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What We Can Learn from LEED v4: Environmental Product Declarations (EPDs)

In a previous blog, we discussed the increasing importance of the availability of product lifecycle environmental data. This trend towards an increased need for product lifecycle information is evidenced, in part, by today's demand for Environmental Product Declarations (EPDs). An EPD is a report of quantified environmental impacts of a product, based on its LCA. Similar in concept to a nutrition label, an EPD tells a product's full environmental story in a familiar reporting format so an end user can make an informed decision.

EPDs have been common worldwide for quite some time, but they have just recently began making their way into the North American green building marketplace. It can be expected that EPDs will be in high demand in the years ahead, especially since requirements for them are already written into green building standards and rating systems, including LEED.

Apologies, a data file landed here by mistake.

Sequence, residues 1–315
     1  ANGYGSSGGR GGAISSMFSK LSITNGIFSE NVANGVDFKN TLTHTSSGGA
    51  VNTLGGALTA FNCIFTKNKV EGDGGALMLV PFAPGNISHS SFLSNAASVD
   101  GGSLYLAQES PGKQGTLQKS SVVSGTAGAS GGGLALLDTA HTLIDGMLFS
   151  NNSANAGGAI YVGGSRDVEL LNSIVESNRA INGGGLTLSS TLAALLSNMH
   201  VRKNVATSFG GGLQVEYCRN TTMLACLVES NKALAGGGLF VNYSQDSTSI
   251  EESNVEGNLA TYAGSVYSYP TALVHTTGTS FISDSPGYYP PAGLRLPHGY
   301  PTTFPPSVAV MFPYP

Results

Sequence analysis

In LEED v4, products with EPDs can contribute towards points under MR Credit 2 "Building product disclosure and optimization – EPDs" if at least 20 products are used which have LCA and EPD information readily available. Products for which a third party LCA was performed offer 25% contribution; products whose data are integrated into an industry-wide EPD offer 50% contribution; and products for which a proprietary EPD is readily available offer 100% contribution. These contributions can be used in aggregate (e.g. a single ceramic tile product counts 1.75 towards the 20-product goal if it has an LCA, participated in the creation of an industry-wide EPD for "tile", and has a proprietary EPD). Additionally, a second point can be earned via MR Credit 2 if 50% of a building's products have EPDs with environmental impacts lower than their respective industry-wide EPDs.

This in-depth approach to awarding points for products with EPDs is an indication of USGBCs intent to motivate industries to jump onboard with EPD initiatives.

Currently, TCNA and its members are working on an industry-wide EPD, i.e. a generic EPD for tile. Such an EPD will provide an in-depth report of current industry lifecycle data, summarizing the generic environmental footprint of North American tile. This effort will be helpful in establishing baseline data and a common foundation upon which future EPD and LCA initiatives can grow in a consistent and organized fashion.

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